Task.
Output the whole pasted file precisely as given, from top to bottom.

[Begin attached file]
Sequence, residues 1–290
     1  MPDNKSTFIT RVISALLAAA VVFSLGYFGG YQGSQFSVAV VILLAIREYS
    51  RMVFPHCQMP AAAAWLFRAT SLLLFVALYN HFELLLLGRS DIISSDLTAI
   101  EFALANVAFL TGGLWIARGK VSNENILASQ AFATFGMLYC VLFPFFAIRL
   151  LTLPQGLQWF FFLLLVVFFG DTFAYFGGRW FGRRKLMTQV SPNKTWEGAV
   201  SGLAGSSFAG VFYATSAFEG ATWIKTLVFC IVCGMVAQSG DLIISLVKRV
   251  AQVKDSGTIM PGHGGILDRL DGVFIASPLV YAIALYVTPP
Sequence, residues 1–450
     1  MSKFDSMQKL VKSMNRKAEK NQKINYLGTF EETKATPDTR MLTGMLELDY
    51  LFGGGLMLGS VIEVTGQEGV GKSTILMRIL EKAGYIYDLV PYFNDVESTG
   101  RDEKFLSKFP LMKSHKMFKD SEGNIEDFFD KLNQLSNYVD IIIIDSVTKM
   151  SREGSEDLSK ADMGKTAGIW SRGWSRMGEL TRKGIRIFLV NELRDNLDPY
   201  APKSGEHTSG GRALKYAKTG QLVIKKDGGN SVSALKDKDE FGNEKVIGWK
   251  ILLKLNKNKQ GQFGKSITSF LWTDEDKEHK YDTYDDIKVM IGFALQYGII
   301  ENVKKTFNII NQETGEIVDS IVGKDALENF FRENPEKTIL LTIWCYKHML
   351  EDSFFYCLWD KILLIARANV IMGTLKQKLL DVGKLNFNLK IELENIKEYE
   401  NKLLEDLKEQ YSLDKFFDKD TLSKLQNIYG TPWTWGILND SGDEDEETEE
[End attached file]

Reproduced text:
Sequence, residues 1–290
     1  MPDNKSTFIT RVISALLAAA VVFSLGYFGG YQGSQFSVAV VILLAIREYS
    51  RMVFPHCQMP AAAAWLFRAT SLLLFVALYN HFELLLLGRS DIISSDLTAI
   101  EFALANVAFL TGGLWIARGK VSNENILASQ AFATFGMLYC VLFPFFAIRL
   151  LTLPQGLQWF FFLLLVVFFG DTFAYFGGRW FGRRKLMTQV SPNKTWEGAV
   201  SGLAGSSFAG VFYATSAFEG ATWIKTLVFC IVCGMVAQSG DLIISLVKRV
   251  AQVKDSGTIM PGHGGILDRL DGVFIASPLV YAIALYVTPP
Sequence, residues 1–450
     1  MSKFDSMQKL VKSMNRKAEK NQKINYLGTF EETKATPDTR MLTGMLELDY
    51  LFGGGLMLGS VIEVTGQEGV GKSTILMRIL EKAGYIYDLV PYFNDVESTG
   101  RDEKFLSKFP LMKSHKMFKD SEGNIEDFFD KLNQLSNYVD IIIIDSVTKM
   151  SREGSEDLSK ADMGKTAGIW SRGWSRMGEL TRKGIRIFLV NELRDNLDPY
   201  APKSGEHTSG GRALKYAKTG QLVIKKDGGN SVSALKDKDE FGNEKVIGWK
   251  ILLKLNKNKQ GQFGKSITSF LWTDEDKEHK YDTYDDIKVM IGFALQYGII
   301  ENVKKTFNII NQETGEIVDS IVGKDALENF FRENPEKTIL LTIWCYKHML
   351  EDSFFYCLWD KILLIARANV IMGTLKQKLL DVGKLNFNLK IELENIKEYE
   401  NKLLEDLKEQ YSLDKFFDKD TLSKLQNIYG TPWTWGILND SGDEDEETEE